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On June 26, 1959, the St. Lawrence Seaway officially opened with a ceremony in St. Lambert, Quebec, Canada, attended by Queen Elizabeth II and U.S. President Dwight D. Eisenhower. The St. Lawrence Seaway opened the Great Lakes to ocean-going traffic.
 
The St. Lawrence Seaway, named for the river that flows from Lake Ontario to the Atlantic Ocean, was a joint U.S.-Canadian effort. It stretches nearly 4,025 kilometers (2,500 miles), from the Atlantic Ocean to the port of Duluth, Minnesota, on the western shore of Lake Superior. The seaway is not a single unified route, but a series of canals, locks, and dredged waterways. 
 
More than 40 million tons of cargo pass through the St. Lawrence Seaway every year. About half of that traffic is from international sources, mostly Europe and the Middle East. The other half is trade between U.S. and Canadian ports.
canal
Noun

artificial waterway.

cargo
Noun

goods carried by a ship, plane, or other vehicle.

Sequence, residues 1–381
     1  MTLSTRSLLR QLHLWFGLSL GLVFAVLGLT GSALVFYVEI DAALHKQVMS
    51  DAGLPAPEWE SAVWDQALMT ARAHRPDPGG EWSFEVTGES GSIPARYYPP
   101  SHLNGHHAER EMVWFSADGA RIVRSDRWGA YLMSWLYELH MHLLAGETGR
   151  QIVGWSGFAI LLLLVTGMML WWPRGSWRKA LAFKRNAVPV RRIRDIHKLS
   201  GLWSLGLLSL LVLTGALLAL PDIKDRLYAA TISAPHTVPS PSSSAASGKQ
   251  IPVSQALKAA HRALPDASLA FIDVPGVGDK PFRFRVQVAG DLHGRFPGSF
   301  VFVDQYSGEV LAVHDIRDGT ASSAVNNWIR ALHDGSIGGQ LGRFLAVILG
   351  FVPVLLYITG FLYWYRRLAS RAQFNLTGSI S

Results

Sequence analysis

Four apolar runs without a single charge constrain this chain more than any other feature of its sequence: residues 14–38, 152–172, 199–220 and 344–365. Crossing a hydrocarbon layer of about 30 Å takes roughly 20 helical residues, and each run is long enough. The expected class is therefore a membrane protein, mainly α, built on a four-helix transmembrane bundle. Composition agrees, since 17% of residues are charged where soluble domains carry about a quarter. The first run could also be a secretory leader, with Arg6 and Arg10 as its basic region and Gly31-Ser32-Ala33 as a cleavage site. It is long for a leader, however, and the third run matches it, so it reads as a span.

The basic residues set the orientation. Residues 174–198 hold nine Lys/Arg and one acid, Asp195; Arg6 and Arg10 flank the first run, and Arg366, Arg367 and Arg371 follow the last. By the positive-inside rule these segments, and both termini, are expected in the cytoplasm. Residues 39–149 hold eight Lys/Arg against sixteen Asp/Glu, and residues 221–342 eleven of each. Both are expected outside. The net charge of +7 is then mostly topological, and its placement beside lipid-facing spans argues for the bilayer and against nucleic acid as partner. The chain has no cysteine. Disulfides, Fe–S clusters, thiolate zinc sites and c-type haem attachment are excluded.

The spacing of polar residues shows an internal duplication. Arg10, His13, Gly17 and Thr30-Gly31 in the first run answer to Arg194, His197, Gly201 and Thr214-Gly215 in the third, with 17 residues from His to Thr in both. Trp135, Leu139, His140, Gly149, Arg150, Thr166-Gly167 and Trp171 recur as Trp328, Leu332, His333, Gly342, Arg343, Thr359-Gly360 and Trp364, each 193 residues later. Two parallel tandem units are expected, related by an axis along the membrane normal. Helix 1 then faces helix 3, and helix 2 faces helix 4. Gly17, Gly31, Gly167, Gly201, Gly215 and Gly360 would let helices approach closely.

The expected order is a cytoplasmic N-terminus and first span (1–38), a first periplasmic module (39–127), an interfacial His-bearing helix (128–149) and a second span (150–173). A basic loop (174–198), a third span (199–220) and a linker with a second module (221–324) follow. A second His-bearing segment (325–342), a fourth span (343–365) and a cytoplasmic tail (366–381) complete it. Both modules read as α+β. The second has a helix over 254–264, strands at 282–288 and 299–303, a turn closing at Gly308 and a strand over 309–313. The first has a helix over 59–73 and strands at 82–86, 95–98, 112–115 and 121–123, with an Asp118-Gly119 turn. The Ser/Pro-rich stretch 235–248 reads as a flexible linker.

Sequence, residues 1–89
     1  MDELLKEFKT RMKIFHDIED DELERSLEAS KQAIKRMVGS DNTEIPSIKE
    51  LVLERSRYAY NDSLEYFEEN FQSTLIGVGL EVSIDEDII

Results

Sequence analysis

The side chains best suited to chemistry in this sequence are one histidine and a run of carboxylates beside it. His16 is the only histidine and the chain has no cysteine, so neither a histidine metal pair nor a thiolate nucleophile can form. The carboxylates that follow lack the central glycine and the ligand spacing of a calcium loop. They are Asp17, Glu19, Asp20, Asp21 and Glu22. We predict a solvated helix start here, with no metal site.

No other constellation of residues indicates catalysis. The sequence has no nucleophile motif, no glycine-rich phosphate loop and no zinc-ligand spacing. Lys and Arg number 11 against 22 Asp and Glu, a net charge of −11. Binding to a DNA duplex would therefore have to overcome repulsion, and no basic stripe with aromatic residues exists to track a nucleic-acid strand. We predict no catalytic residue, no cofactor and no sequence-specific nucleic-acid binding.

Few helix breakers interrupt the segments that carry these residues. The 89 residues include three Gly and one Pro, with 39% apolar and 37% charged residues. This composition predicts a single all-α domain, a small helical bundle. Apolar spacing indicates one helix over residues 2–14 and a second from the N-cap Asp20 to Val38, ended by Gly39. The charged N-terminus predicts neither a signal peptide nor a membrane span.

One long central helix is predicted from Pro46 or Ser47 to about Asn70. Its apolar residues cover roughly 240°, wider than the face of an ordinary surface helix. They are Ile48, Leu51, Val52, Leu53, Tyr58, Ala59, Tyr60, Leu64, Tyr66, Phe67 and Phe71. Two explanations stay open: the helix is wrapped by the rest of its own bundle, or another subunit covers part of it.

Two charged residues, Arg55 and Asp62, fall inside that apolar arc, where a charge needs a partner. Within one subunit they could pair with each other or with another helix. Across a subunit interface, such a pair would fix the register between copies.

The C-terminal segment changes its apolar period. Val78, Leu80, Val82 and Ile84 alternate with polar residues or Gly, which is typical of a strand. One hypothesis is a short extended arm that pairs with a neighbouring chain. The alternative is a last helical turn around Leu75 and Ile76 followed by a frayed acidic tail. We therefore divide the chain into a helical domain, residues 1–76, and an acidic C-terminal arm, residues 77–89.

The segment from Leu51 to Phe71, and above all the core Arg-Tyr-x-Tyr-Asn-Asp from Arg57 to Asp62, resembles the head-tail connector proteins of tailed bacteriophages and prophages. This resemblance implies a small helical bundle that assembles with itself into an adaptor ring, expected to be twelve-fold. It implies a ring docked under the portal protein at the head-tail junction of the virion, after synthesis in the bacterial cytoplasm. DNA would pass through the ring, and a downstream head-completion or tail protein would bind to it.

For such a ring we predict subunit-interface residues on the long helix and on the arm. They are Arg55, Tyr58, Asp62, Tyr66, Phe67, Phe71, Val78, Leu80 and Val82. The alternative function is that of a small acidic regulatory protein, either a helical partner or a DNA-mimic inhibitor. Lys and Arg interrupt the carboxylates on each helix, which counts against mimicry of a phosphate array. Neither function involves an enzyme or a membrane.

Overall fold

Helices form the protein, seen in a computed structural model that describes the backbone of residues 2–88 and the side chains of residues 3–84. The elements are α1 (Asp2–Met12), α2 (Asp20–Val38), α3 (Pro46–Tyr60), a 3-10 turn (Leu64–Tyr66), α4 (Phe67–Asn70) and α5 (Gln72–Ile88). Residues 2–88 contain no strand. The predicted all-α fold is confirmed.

ceremony
Noun

activities to celebrate or commemorate an event.

dredge
Verb

to remove sand, silt, or other material from the bottom of a body of water.

Great Lakes
Noun

largest freshwater bodies in the world, located in the United States and Canada. Lake Huron, Lake Ontario, Lake Michigan, Lake Erie, and Lake Superior make up the Great Lakes.

lock
Noun

structure on a waterway where gates at each end allow the water level to raise and lower as they are opened and closed.

Noun

place on a body of water where ships can tie up or dock and load and unload cargo.

route
Noun

path or way.

shore
Noun

coast.

trade
Noun

buying, selling, or exchanging of goods and services.

traffic
Noun

movement of many things, often vehicles, in a specific area.